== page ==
“This is to help men to go for the marriage proposal and to temporarily act like a Prince Charming,” he said.

Founded in 2006, ApoteoSurprise offers 30 all-inclusive proposal packages, including a Cinderella carriage appearing at Place Vendôme with a “magical” glass slipper, a messenger dove delivering a love letter, a dinner cruise on the Seine on a yacht showered with a thousand red roses dropped from the sky, and dinner in a hot air balloon.

Garreau said the most popular package is a limousine tour of Paris with a personalized message appearing on a giant LED screen at the Eiffel Tower.

“Women cry every time!” he said.

My personal favorite is the movie theater package, which costs about $4,042. In this scenario, the object of one’s affection goes to a movie theater with a friend under the ruse of seeing a film. Trailers and commercials are shown, then the lights dim and the “feature” film begins.

But rather than the film billed, the intended will see on the big screen footage of her own significant other getting ready at home, going to the florist and buying roses, and stopping at a jewelry store to choose a ring. Subsequently he will be shown traveling to the cinema and entering the theater.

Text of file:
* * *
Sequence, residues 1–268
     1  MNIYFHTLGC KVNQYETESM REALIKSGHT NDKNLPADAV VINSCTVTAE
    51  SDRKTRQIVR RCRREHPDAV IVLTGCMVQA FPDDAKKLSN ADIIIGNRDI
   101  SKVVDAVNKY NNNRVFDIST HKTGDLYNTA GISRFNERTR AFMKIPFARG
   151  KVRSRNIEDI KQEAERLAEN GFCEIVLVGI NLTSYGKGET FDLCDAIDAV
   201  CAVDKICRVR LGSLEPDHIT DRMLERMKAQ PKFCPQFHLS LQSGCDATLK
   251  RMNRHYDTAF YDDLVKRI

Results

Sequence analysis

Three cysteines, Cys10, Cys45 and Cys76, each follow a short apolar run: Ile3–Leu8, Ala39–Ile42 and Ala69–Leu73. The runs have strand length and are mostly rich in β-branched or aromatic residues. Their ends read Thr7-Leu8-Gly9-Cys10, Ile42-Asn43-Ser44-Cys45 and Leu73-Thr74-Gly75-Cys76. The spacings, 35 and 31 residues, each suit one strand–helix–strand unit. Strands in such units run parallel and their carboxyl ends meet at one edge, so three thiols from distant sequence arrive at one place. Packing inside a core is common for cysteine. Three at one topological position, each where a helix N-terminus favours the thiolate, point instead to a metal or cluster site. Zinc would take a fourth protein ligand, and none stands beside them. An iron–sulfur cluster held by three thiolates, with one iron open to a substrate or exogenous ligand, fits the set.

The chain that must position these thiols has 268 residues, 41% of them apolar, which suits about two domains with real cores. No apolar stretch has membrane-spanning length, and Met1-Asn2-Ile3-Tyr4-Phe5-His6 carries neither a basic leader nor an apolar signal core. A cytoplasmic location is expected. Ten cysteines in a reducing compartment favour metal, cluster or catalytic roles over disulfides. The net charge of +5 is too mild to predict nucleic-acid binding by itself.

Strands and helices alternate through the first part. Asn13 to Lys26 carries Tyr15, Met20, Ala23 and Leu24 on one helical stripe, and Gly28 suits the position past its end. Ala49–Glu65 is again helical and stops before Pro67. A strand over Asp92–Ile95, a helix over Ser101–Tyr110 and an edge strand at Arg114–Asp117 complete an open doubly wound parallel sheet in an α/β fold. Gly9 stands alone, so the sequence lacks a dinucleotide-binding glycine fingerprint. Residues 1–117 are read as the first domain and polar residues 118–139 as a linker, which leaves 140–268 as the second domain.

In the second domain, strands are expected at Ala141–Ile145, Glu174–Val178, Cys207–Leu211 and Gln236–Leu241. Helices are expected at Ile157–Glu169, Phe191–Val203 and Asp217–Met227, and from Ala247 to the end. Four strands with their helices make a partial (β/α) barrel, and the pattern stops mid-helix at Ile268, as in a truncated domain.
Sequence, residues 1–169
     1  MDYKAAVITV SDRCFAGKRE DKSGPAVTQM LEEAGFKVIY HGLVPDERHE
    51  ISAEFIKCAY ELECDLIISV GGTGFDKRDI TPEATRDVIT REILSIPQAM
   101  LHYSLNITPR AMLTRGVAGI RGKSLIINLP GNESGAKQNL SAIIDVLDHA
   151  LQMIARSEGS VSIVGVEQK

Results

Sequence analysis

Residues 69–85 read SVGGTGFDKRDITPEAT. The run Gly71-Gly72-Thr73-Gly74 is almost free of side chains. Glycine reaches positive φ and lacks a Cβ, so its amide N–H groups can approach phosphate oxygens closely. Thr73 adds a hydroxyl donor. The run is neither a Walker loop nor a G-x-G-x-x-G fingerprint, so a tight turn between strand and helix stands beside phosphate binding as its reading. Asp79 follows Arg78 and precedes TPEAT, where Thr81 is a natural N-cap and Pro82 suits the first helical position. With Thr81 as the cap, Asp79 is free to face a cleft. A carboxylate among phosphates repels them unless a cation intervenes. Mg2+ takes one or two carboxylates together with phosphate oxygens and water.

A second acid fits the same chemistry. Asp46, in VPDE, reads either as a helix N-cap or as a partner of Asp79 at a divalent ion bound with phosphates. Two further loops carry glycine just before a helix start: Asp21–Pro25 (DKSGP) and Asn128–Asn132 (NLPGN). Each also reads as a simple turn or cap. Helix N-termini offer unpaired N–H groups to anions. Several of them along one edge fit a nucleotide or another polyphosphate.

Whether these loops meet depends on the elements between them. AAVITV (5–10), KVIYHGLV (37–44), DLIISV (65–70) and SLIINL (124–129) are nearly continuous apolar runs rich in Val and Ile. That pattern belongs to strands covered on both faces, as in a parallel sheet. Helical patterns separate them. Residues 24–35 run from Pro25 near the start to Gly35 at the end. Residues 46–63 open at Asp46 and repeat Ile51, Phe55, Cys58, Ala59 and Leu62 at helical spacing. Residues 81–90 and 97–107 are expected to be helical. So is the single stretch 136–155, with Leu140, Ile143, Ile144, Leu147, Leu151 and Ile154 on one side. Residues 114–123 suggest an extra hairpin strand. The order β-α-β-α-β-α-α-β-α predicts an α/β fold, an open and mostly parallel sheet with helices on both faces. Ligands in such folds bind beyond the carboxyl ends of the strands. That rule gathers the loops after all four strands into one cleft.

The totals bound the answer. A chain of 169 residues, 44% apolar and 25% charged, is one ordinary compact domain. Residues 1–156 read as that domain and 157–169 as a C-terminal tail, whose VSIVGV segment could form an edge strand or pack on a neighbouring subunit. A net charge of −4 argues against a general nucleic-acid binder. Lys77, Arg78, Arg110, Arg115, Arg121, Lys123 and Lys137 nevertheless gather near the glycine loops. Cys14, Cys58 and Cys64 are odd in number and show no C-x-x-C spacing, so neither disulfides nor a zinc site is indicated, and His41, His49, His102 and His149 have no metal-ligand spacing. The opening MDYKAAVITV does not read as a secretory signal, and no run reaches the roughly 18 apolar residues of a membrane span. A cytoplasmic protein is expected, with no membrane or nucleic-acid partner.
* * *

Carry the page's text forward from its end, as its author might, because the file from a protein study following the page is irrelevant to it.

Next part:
Then, as if the movie has suddenly switched to reality, he will walk down the theater aisle to his love bearing roses and a proposal, to the cheers of the audience – who then reveal themselves to be friend and family members. 

According to Garreau, more than 1,200 people around the world have called on ApoteoSurprise to express their love “in a spectacular way.” His company is responsible for the first-ever marriage proposal in space on Feb. 14, 2013 at an altitude of 34 kilometers, according to his press release.

Garreau is unmarried, but considers himself a romantic.

“Since I was a kid, I have always tried to surprise and amaze the girls I’m in love with,” he said. “I think it’s especially because I’m not married that I’m always thinking about love and imagining new ways to amaze women.”

Some might argue that the point of such grand gestures is at least in part to demonstrate to the woman that the guy put some thought into it. Or that having the proposal staged by someone else detracts from the authenticity. Not to worry, Garreau says; everything is kept confidential. 

“Our scenarios were all imagined, designed and personalized so that your loved one thinks that you organized the surprise all by yourself,” the website states. “At no time she/he can work out that you called on the service of a romance expert!”

Information and availability dates can be checked on the company website, www.proposeinparis.com. Most proposals must be booked at least four or five days in advance.

For other Valentine's Day content see 10 great romantic movies

The air show proposal, one of the most expensive offered by ApoteoSurprise, features four planes doing aerial acrobatics. The air show proposal, one of the most expensive offered by ApoteoSurprise, features four planes doing aerial acrobatics.


blog comments powered by Disqus